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Friday, July 19, 2024

Thank you Mr. Chief Justice for not saving my mother: She was not important anyway

The author asks the Chief Justice of Pakistan a very simple question. Who is going to provide justice to a man whose mother was almost murdered in PIC attack when CJP himself refuses to talk about it?

Justice, Your Lordship

I have been advised against writing this letter. People wiser than me have pointed out that writing this letter will be, at worst contempt, and at best an exercise in futility.

Be that as it may, Sir, I am writing this letter in fulfillment of a promise. A promise made to a young man whose mother was forcefully taken off the life-saving equipment, at the Punjab Institute of Cardiology (PIC) in Lahore, and then shoved down a staircase by the black-coat thugs on Wednesday. That young man, whose mother is not likely to survive this trauma, had a message for the ‘pater familias’ of our legal community. You, Sir. And the message was simple: “Thank you”.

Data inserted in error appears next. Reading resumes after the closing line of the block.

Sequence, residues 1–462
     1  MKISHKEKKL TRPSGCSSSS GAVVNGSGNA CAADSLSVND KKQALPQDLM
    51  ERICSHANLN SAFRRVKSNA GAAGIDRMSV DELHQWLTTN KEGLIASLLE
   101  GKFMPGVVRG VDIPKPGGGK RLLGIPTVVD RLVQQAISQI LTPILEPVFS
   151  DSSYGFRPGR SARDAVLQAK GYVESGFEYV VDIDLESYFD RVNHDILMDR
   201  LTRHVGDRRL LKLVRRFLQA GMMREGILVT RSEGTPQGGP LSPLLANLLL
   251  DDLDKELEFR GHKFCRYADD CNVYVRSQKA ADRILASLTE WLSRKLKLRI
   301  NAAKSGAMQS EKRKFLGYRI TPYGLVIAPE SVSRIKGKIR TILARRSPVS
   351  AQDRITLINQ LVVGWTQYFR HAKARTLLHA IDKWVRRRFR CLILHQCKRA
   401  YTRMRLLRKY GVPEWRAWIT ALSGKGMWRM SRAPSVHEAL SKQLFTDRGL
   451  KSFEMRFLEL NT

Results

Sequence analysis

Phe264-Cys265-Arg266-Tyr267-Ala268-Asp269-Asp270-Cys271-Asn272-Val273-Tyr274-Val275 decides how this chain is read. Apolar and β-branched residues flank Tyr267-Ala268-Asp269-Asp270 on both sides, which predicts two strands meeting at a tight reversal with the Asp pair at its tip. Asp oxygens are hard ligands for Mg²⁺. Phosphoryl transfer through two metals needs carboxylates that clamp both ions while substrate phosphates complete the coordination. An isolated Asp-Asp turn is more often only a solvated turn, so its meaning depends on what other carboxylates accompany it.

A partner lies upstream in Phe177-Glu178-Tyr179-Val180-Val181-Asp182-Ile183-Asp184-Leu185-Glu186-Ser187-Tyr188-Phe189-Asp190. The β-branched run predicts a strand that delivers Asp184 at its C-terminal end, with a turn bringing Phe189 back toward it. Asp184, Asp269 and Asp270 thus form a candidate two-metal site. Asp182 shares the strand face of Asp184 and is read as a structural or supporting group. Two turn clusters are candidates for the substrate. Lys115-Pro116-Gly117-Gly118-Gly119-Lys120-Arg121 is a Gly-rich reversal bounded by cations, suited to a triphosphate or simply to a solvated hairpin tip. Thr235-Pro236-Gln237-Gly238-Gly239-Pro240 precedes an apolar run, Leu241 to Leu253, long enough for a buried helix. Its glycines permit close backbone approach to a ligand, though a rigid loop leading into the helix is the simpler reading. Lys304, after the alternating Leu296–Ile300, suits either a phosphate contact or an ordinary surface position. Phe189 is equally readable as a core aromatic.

He wanted me to convey his gratitude, to you, Mr. Chief Justice for not taking suo moto cognizance of this matter, and for not interfering in the independent functioning of the Bar. He wanted to thank you for being steadfast in your resolve to not exercise powers under Article 184(3). He said that he understood that his mother’s health and life were immaterial in the face of this higher ideal of judicial restraint that you now champion. He bemoaned about the time of your predecessor in office and lamented about how the former CJP would abuse his constitutional powers to unnecessarily safeguard the meek and weary of our land. It is not good for the system, he reminded me.

Your Lordship, you should remind the boorish dissenters that this is not an issue of challenging the ‘powerful’. Such ‘taanas’ cannot be given to the judiciary